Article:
The word "rogue" gets a lot of play in today's media and conversation. Similar to "maverick," it's often used flatteringly to describe someone who defies convention to forge his or her own singular path. While you can certainly credit Nissan's marketers for smartly tapping into this theme, the 2018 Nissan Rogue is not that kind of car.
Really, this is about as mainstream a choice for a small crossover as you'll find. Nissan sells loads of them. And there's a lot to like. Cabin and seat comfort are excellent, as are cargo space and utility. The Rogue's ability to seat up to seven passengers gives it a notable advantage among compact crossovers, and its upscale interior materials and design give the cabin a classy feel. Seventy cubic feet of cargo space also makes it one of the roomier and more versatile small SUVs around.
But the Rogue's lethargic acceleration and poor visibility drop it a notch from competitors that do better. Its sole four-cylinder engine and sluggish continuously variable automatic transmission (CVT) drag down an otherwise competent package, and there's nary a hint of handling spirit that you'll find in the Rogue's competitors from Honda, Mazda or even Chevrolet. The Rogue is enticing, yes, but it doesn't do much to stand out from the pack or measure up to its namesake.
The 2018 Nissan Rogue is a small crossover SUV available in three trim levels: S, SV and SL. The smaller Rogue Sport model is reviewed separately.
Most Rogues come standard with a 2.5-liter four-cylinder engine (170 horsepower, 175 pound-feet of torque) paired with a continuously variable automatic transmission (CVT) that sends power to the front wheels. All-wheel drive is available as an option.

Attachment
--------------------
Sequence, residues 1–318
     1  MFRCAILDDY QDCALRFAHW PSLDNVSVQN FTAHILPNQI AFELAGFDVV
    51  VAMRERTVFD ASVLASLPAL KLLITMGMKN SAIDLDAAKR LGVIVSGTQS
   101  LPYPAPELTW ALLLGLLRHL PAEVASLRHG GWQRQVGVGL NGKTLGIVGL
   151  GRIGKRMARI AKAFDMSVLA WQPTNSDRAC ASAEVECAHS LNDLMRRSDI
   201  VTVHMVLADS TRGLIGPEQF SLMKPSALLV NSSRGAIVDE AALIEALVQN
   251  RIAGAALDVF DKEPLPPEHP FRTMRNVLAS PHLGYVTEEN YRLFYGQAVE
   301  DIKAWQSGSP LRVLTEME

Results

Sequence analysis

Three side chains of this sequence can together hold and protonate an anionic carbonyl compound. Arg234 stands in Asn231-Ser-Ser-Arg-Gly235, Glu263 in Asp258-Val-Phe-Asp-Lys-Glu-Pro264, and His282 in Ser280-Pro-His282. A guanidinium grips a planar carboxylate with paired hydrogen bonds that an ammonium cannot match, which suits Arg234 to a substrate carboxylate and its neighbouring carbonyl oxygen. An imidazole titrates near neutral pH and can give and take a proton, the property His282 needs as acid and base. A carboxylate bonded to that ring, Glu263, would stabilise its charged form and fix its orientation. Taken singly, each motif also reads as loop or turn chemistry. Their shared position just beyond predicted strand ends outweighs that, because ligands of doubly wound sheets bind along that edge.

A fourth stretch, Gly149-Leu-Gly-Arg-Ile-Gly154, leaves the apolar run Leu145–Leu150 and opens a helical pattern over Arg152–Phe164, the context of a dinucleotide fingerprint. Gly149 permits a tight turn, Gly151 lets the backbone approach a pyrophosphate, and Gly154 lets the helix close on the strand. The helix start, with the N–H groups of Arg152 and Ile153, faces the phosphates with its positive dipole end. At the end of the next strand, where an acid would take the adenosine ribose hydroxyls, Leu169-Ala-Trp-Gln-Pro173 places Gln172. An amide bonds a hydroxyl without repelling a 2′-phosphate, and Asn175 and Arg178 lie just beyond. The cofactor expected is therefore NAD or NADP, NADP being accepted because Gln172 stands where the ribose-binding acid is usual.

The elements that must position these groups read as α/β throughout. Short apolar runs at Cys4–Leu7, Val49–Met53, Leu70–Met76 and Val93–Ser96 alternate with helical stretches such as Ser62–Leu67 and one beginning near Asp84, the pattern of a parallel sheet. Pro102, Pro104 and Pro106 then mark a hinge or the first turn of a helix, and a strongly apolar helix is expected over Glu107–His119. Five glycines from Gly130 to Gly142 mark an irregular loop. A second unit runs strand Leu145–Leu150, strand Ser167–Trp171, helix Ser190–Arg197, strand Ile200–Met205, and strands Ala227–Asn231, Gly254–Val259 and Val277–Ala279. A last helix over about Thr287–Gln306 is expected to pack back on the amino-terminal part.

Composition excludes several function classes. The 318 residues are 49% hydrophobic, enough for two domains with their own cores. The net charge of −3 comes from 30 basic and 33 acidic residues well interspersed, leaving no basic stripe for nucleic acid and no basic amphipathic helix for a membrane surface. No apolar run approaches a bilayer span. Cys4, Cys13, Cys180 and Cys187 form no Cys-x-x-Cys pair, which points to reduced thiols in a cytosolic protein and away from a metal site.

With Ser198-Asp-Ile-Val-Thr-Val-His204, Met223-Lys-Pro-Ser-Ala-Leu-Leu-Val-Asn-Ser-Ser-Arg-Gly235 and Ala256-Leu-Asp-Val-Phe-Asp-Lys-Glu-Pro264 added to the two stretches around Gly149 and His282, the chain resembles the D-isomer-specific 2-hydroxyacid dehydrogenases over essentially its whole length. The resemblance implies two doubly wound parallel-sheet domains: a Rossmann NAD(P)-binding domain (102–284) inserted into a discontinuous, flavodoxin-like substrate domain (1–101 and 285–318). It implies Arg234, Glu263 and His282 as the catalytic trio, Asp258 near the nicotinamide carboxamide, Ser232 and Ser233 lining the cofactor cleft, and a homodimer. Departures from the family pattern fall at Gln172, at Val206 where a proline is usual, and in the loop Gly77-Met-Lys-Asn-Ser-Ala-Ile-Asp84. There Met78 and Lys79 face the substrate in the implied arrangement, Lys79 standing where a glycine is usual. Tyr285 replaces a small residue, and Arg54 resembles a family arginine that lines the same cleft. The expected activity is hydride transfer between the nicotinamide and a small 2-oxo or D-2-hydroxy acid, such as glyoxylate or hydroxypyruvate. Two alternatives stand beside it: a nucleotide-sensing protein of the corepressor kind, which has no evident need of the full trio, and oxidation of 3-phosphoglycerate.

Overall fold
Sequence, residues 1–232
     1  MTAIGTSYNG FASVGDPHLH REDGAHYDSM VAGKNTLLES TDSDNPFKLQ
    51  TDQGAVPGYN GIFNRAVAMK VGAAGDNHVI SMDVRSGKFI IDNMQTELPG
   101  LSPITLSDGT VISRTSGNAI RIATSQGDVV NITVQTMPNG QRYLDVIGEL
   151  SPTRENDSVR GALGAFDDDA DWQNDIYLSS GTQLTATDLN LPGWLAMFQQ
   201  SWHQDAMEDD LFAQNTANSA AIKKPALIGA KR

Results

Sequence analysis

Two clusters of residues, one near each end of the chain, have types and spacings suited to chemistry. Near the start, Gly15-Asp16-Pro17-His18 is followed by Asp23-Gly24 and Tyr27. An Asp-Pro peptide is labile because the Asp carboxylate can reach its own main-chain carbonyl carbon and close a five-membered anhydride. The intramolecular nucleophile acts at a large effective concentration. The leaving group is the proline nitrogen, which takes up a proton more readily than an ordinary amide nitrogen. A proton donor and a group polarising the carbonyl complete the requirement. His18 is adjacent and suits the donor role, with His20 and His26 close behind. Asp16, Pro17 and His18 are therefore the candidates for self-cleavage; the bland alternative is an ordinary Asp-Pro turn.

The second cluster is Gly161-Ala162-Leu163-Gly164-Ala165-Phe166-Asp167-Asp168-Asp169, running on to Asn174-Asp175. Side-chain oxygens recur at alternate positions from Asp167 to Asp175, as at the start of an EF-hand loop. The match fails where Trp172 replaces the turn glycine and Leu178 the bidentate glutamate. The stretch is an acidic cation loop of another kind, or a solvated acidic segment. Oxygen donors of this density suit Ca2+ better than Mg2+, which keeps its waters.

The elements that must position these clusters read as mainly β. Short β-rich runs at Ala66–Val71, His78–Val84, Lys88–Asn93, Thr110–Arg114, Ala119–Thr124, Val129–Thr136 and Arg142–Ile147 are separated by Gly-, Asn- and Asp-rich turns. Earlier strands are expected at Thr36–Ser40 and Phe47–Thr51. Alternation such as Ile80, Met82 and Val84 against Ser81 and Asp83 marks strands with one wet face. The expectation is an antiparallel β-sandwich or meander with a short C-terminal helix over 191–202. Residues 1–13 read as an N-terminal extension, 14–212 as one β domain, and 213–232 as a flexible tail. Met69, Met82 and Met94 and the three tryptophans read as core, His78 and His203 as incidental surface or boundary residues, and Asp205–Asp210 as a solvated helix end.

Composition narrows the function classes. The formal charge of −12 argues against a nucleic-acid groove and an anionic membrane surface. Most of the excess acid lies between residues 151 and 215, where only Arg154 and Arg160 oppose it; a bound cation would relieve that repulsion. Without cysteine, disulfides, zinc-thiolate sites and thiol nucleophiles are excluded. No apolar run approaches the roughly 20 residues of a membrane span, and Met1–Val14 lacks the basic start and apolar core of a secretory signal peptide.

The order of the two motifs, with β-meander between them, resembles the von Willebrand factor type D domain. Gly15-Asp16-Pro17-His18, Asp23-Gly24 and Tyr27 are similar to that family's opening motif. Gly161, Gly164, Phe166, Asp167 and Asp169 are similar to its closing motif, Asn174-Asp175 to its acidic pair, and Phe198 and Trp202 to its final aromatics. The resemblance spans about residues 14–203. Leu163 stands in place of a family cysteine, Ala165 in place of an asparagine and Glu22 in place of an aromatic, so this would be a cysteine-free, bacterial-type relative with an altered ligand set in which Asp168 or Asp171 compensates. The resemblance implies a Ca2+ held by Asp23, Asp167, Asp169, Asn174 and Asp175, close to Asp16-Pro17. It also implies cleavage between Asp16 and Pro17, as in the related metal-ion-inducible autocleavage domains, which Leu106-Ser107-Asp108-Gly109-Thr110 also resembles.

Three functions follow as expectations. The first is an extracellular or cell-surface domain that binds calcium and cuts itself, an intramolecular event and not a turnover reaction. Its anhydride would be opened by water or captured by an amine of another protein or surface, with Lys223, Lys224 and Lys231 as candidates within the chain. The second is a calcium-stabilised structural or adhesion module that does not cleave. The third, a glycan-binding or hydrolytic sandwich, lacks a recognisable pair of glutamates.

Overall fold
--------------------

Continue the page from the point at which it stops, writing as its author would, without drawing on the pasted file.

The Rogue Hybrid is powered by a 2.0-liter four-cylinder engine paired with an electric motor (176 hp combined output) and either front- or all-wheel drive. It's available only in SV and SL trims.
Standard features on S trims include 17-inch steel wheels, 40/20/40-split folding rear seats that also slide and recline, a rearview camera, a 7-inch touchscreen display, Bluetooth, Apple CarPlay and Android Auto smartphone integration, and a four-speaker CD player with satellite radio and dual USB inputs. Safety features include blind-spot monitoring, rear cross-traffic alert and automatic emergency braking.
The SV trim adds 17-inch alloy wheels, roof rails, a power liftgate, heated side mirrors, keyless entry, push-button ignition, dual-zone automatic climate control, heated front seats, a power-adjustable driver seat, a leather-wrapped steering wheel and a six-speaker audio system.
The SV Midnight Edition styling package adds blacked-out body elements such as 17-inch wheels, mirror caps and roof rails.
The top-trim SL includes 18-inch wheels, automatic high beams, foglights, leather upholstery, a heated steering wheel, driver-seat memory settings, a surround-view camera system, a navigation system, NissanConnect emergency and convenience services, and a nine-speaker Bose audio system that adds HD radio.
Driver assist and safety features include adaptive cruise control, lane departure warning and intervention, and upgraded automatic emergency braking with pedestrian detection.
Several of the SL's features are available on the SV as part of the Premium or Sun and Sound Touring packages. Options for the SL include a panoramic sunroof (also available for the SV) and LED headlights, while the Platinum package bundles 19-inch wheels, an electronic parking brake and the ProPilot Assist semi-autonomous driving features. Quilted tan leather upholstery is also available.
Another notable add-on includes a third row of seats for S and SV trims, increasing passenger capacity to seven.